Stand-alone video resumes have gotten mixed reviews. A 2010 survey by the Boston research firm Aberdeen Group found that only 5 percent of employers used video resumes in hiring.
Multimedia resumes work best when they are part of a broader campaign, said John Wilpers, founder and chief executive of Degrees2Dreams, which offers career-launching services to students and recent graduates. In addition to a multimedia resume, Wilpers said, such a campaign should include a blog about a niche in your professional field, personal marketing through social media, and a series of informational interviews.
“The multimedia resume has to be part of a more coherent strategy,” Wilpers says. “It’s like a tree falling in the woods. If nobody knows about it, what good is it?”
Fernando Febres, a 2012 graduate of Emerson College, was able to wow a prospective employer by combining traditional techniques, such as a paper resume and networking, with 21st-century technology. Febres designed his resume with his website address highlighted in an eye-catching blue and white banner to get reader attention. Anyone who decided to check out the site would see multimedia features such as photos of a logo he designed for a new line of high-fashion jeans and video clips of him interviewing people.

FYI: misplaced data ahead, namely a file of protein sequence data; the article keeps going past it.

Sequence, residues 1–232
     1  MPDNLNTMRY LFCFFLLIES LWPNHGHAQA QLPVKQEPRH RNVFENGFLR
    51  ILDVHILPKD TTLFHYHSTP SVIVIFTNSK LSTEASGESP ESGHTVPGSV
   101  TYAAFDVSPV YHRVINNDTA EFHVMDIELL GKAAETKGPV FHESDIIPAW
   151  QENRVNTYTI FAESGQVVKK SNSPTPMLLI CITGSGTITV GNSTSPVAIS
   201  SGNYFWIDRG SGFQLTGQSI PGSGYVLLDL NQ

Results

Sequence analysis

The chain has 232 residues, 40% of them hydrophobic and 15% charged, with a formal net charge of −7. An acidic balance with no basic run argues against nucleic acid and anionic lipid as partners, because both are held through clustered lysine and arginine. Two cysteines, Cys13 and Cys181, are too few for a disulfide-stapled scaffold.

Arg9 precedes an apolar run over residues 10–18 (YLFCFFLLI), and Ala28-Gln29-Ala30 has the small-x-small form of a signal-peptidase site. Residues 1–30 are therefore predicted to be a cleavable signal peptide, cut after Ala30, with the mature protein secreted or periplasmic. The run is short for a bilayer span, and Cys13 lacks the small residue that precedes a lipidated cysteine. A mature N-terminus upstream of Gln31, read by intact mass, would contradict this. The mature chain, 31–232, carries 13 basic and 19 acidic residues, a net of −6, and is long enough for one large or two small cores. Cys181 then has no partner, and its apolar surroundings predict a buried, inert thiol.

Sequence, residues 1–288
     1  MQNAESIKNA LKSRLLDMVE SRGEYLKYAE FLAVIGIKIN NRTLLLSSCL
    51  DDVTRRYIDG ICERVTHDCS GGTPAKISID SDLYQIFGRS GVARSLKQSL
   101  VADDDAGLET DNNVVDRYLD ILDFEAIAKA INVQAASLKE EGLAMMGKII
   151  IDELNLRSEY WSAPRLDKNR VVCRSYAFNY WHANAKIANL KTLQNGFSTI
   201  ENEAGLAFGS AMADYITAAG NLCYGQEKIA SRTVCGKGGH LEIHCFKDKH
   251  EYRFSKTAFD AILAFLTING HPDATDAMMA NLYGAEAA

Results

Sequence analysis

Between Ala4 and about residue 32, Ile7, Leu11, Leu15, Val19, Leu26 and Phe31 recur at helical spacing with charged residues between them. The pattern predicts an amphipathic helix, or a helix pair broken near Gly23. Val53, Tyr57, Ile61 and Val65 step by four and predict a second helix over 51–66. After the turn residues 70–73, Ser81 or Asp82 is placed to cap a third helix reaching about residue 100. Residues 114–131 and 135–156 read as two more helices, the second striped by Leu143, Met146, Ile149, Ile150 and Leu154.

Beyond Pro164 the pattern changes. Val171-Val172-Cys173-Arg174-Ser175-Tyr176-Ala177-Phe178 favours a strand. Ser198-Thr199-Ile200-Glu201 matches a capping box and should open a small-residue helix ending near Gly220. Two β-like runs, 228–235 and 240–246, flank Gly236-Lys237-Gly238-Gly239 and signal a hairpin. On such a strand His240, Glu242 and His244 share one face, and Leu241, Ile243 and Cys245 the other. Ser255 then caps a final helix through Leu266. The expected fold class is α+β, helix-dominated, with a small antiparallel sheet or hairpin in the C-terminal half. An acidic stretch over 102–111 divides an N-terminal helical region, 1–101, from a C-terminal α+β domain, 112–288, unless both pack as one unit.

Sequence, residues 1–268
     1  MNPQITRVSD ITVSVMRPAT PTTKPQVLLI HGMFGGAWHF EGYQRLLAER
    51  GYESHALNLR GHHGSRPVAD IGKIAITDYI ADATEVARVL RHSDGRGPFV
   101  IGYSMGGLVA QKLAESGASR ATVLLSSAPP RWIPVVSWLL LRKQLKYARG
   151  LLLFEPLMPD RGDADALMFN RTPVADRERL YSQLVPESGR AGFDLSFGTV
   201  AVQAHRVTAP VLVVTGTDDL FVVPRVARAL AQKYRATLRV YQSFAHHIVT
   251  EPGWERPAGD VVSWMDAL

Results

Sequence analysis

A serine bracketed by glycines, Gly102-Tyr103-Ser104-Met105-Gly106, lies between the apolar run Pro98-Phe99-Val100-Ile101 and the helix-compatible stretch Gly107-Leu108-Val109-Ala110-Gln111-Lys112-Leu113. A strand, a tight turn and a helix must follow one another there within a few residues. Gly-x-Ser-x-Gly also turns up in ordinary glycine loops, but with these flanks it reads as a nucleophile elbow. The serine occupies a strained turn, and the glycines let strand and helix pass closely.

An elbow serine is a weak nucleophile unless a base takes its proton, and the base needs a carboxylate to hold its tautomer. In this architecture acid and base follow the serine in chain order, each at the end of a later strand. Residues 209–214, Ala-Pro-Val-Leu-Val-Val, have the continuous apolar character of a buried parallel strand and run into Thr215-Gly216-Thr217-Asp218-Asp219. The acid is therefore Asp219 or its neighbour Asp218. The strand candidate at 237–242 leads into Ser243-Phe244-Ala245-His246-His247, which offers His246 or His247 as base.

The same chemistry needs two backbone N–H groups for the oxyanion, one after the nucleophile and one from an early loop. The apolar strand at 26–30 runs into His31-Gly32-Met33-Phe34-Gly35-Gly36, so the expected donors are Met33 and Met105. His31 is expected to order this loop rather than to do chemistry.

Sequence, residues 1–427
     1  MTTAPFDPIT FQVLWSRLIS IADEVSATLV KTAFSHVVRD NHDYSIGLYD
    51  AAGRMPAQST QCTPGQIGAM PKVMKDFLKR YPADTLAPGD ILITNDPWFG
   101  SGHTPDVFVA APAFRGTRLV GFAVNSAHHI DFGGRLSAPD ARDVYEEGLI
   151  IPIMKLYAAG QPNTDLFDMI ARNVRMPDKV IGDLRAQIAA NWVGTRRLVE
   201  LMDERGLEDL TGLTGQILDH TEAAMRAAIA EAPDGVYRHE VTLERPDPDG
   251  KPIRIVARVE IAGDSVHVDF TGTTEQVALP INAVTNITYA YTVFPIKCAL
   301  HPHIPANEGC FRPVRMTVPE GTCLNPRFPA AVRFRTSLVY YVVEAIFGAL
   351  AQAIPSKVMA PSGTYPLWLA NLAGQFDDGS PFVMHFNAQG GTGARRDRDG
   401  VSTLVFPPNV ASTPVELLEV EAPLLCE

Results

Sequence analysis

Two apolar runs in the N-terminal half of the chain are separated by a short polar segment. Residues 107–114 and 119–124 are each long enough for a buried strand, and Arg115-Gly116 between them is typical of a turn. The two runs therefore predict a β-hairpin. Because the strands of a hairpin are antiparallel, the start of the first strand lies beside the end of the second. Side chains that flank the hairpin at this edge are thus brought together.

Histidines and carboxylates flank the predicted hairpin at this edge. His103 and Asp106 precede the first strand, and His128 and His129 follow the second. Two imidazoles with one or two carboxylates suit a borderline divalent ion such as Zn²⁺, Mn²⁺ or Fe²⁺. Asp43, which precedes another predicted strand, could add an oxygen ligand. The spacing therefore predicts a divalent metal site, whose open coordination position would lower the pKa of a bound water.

At a networking conference in New York, Febres said, recruiters commented on how his resume, business card, and website had a cohesive look. “It’s about branding me.” says Febres, 22, who landed a marketing job with General Mills, the Minneapolis-based food giant. “My advice to job seekers is to invest time online and in print.”